Living on Long Island as a sheltered teenager in the '80s, the term "lesbian" might as well have been a country in the Middle East, somewhere in the Interzone between Mesopotamia and Bilitis, due south of the Well of Loneliness.
That was a long time ago. I came out in college, and am now married to my partner of 13 years. All told, we are officially married in Canada, officially domesticated in New York City and religiously married by a rabbi with a proud history of civil disobedience -- and we have the requisite assortment of children and cats. While some might stereotype my life as being heteronormative, I am an unapologetic queer, who has never been either heterosexual or normative.
I am also a rabbi. I grew up as a Lutheran, went to Brandeis (not knowing it was Jewish), discovered Judaism there, studied and converted in Israel and was ordained by the Academy for Jewish Religion in New York City. By some accounts, the different aspects of my identity should be in tension with each other: a rabbi with non-Jewish parents, someone who is both religious and gay. In reality, though, all these elements are integrated and related. An essential part of my theology is that God wants us to live fulfilling, joyous lives. "Choose life," we are told in the Torah, "so that you and your descendants may live" (Deut. 30:19).
For too long, discussions of Judaism and LGBTQ life have focused on what is permitted and not permitted, and on how to make room for oneself within the limits of the tradition. Specifically, the prohibition in Leviticus (Lev. 18:22 and 20:13) is cited again and again, as the starting point for any conversation about Judaism and sexual identity.
But I am a liberal rabbi, and I believe strongly that traditions can and must change. I want to share a different way to think about what it means to be a LGBTQ Jew, based on the premise that God made us who we are. There is a concept in Judaism known as hiddur mitzvah, which means taking something that is commanded and making it beautiful. The idea is based on a biblical verse, Exodus 15:2: "This is my God who I will glorify." Rabbi Ishmael asks: "Is it possible for a human being to add glory to his Creator? What this really means is: I shall glorify God in the way I perform mitzvot [commandments]" (Mekhilta Shirata 3).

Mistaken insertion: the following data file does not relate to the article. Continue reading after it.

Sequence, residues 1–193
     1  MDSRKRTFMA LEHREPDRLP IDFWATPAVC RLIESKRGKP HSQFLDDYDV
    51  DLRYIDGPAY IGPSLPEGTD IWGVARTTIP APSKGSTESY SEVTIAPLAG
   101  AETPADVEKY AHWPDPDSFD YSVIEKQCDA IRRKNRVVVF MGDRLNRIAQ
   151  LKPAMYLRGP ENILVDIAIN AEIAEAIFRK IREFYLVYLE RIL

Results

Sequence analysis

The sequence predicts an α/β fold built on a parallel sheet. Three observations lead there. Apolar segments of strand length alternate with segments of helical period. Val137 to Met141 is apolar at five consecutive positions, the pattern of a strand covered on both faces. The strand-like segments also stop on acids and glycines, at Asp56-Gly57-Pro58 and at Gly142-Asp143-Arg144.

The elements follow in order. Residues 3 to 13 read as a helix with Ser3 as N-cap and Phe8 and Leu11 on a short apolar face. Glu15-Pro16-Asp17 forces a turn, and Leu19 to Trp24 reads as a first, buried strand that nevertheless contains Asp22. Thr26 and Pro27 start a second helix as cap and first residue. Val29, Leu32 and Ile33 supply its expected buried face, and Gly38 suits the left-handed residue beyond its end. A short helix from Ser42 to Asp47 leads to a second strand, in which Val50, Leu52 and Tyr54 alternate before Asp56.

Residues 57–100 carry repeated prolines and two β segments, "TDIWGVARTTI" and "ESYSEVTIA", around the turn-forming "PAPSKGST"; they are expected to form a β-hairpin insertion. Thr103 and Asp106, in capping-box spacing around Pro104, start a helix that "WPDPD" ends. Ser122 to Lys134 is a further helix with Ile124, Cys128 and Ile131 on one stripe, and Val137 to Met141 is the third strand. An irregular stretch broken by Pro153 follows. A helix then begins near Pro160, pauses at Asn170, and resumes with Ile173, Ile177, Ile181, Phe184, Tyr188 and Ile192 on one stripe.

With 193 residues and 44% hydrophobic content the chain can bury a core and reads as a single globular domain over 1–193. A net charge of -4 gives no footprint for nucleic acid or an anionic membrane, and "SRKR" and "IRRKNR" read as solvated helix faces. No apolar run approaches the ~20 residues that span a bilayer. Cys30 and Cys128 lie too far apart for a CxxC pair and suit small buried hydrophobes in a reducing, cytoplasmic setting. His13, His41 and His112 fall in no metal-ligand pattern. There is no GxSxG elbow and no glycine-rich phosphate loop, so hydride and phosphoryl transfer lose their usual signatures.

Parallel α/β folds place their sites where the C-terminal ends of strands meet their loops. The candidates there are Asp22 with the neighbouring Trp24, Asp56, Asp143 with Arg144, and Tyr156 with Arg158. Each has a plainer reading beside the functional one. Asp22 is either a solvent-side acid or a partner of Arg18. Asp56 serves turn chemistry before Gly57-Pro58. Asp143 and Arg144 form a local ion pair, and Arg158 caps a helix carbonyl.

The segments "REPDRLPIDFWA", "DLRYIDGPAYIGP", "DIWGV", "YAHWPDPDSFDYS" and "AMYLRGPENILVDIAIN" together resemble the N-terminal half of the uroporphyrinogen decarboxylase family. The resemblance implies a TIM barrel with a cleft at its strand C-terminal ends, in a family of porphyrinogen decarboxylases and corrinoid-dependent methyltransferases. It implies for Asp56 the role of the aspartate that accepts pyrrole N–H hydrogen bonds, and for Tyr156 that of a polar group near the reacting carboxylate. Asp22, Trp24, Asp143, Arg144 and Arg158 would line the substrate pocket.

So when I think about being both gay and Jewish, the question I ask is not, "Is my life and are my actions prohibited by the biblical text and rabbinic tradition?" The questions I ask instead are these: How can I live my life in a way that is beautiful? How can I actively choose the life that is mine to live?
My partner and I got married in October 2001, a month after 9/11. We briefly considered calling the wedding off; it didn't feel like the right time to celebrate. But then we realized that there is no better way to fight terrorism than a big gay Jewish wedding in New York City. And if we were going to do it, we wanted to do it right. We wanted to make it beautiful. For my side of the family, an open bar was critical. For me and my partner, the focus was on a custom ketubah (Jewish marriage contract) with language and artwork that reflected our theology and hopes -- and our shared fascination with the art of medieval Jewish illumination. The point of all of it was hiddur mitzvah.
Ultimately, that is what I want to convey to anyone trying to figure out the synergy of their Jewish and LGBTQ identities: how to live with dignity and humor, beauty and joy, as you take your place in a Jewish tradition that is thousands of years old. It is easy to feel scared and marginalized as a queer person in a straight world, and especially one that uses the language of religion to exclude. Within the LGBTQ community, it is easy to feel lost in the ever-shifting alphabet soup of sexual and gender identifying labels. The Torah tells us that all of us were made in God's image (Gen. 1:27), so wherever you are on this particular rainbow, there is something in you that is divine. If it's good enough for God, it should be good enough for your fellow human beings, kal v'chomer, all the more so, for your fellow Jews. Your life shouldn't look like mine or your parents' or your neighbor's; it should look like your own, and whatever you dream it to be. As Herzl said, Im tirzu, ein zo aggadah, "If you really want it, it is no dream."
Moved to action by a series of tragic suicides of gay youth and the epidemic of bullying in our nation's schools, Dan Savage and Terry Miller started the important "It Gets Better" campaign. The idea was to encourage LGBTQ people and allies to share stories about how life got better for them. I am blessed and lucky that it got better for me too. But the phrase "It Gets Better," essential as it is, leaves me wanting more. It shouldn't just get better. Colds get better. Life should get beautiful -- and I hope, sometimes, hilarious.
Rabbi Andrea Myers is the author of 'The Choosing: A Rabbi's Journey from Silent Nights to High Holy Days' (Rutgers University Press, April 2011).